She had seen him many times walking down 9th Avenue, a small pad in his hands.
Someone in Farrells might know how to get in touch with him, she thought.
They might know where he was living now. Two hours off the Jersey Turnpike, she
pulled her car up in front of the bar. She had heard that the yuppies who had
moved into this area in droves, spilling over from more expensive Park Slope which
bordered it, called the avenue by its official name, Prospect Park West,
but to the locals that remained it would always be called 9th Avenue,
or the Avenue.
They called it The Hillbecause
it stood on the highest point of Brooklyn. In the 40s, Irish came from counties
all over Ireland as word spread back home that Windsor Terrace, with its Catholic
Church and school, Holy Name, that took up an entire city block, was a welcome
place for Irish immigrants. But for the past few decades, the yuppies had put
their own claim on the neighborhood.
From the street, she could see that the bar looked empty. For a moment, she wondered
if she should walk in there. Something told her not to. She brushed some snow
off her jacket, and went in anyway. She was coming home.
Inside, there was no one there except the bartender. She walked toward the middle
of the bar, stopped, put a twenty-dollar bill up and looked around. Christ, what
memories lay here. She was here as a young girl, hardly eight years old. She could
see herself walking through the back door, the family entrance for
the women who lived in the neighborhood in the 50s. Women were not aloud
to stand at the bar until sometime much later.
Her mother would have her help her pull this shopping cart with wheels on it through
the back door after wheeling it all the way up from an A an P store on Prospect
Avenue. And she would order a glass of beer for herself, and a glass of coca cola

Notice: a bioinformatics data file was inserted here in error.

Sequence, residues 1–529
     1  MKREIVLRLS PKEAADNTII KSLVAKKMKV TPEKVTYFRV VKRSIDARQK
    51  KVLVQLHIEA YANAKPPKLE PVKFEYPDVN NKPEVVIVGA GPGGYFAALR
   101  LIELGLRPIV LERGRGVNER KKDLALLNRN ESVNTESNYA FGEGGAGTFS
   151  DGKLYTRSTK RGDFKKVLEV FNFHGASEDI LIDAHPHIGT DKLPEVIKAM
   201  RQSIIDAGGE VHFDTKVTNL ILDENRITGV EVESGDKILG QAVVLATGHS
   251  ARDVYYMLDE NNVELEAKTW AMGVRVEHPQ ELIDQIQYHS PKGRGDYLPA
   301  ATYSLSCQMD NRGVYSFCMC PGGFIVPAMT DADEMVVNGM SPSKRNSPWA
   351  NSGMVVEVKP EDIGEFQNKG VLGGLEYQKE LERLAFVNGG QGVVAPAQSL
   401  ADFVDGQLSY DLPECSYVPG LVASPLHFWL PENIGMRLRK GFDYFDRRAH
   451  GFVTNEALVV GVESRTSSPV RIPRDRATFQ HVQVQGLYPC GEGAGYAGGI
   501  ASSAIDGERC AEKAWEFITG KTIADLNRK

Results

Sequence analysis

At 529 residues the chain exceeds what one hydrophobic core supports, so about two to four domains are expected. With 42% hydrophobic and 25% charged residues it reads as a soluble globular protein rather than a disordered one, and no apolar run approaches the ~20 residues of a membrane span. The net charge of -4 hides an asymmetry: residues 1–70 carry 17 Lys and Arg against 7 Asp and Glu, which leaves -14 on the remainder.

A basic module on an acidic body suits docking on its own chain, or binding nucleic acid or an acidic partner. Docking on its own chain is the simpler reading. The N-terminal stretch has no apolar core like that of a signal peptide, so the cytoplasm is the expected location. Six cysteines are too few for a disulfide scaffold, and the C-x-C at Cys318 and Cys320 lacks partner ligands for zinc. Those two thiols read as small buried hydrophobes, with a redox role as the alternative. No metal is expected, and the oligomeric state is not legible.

for her daughter. Then she would hand the bartender a handful of quarters and
ask him to play some Irish music on the jukebox for her. Ah, you are a grand
man, Dan she would say as the music came on. When she was 12, Janice stepped
danced here once on Saint Patricks Day.
The bartender, a middle-aged guy with closely cropped hair, watched her as she
settled down. She ordered a shot of scotch, and a small glass of Budweiser on
the side. The bar looked like it was caught in a time warp. They still had no
stools here. She once heard it was because the owners felt that if you couldnt
stand up you had too much to drink.
is everybody? she said. Its the weather, he answered in
a bored voice that told you he wished he
was somewhere else tonight. For
a minute I thought you were closing up.I was thinking of it, but you
can stay. He looked up at the clock on the wall. Ill probably
be here at least another half hour.
Up towards the front of the bar a large television is playing an old James Cagney
movie on Turner Classic Movies. He doesnt seem to really be watching it.
James Cagneys voice from television as character Rocky Sullivan: "Now
I know you're a smart lawyer, Frazier, very smart - but don't get smart with me.
You mind if I play the juke box? He shrugs
his shoulders and turns off the sound on the television.
plays a row of Black 47 songs.
your old grandmother
Recite her immigrant prayer
the drinks down, and returns with her change.
You get a lot of people
coming in here that used to live here? she asks.
He stares at her.I mean people who lived in the neighborhood and come back.
Do you get much of that?
He shifts his weight around. Hes
a big Irishman, has this white apron wrapped around his middle. Hes fielding
the question now. You can see that in his eyes. Its the way he tightens
up the lids and stares. Its like hes watching the question drop out
of the sky like a fly ball. Gives you the feeling that hes not too sure
he wants to answer your question because it might lead to another one. Hes
probably a cop or a firefighter, she thinks.
Yeah. Sometimes. You
know how it is. Some people like to visit their old neighborhoods. I suppose.
Me, I just want to retire, move the hell out of here. Go over to Jersey, maybe
Staten Island. Let the goddamn yuppies turn out the lights when their through
screwing this place up. He walks away and heads down to the end of the bar,
and pours himself a glass of club soda from a tap under the bar.
The jukebox plays more Black 47 with Larry Kirwan:
But hold on, darlin,
this time tomorrow
You'll be over the worst
Brooklyn girls just break your
He puts his apron-covered knee up on the sink well
and cups his chin as he stares down at her.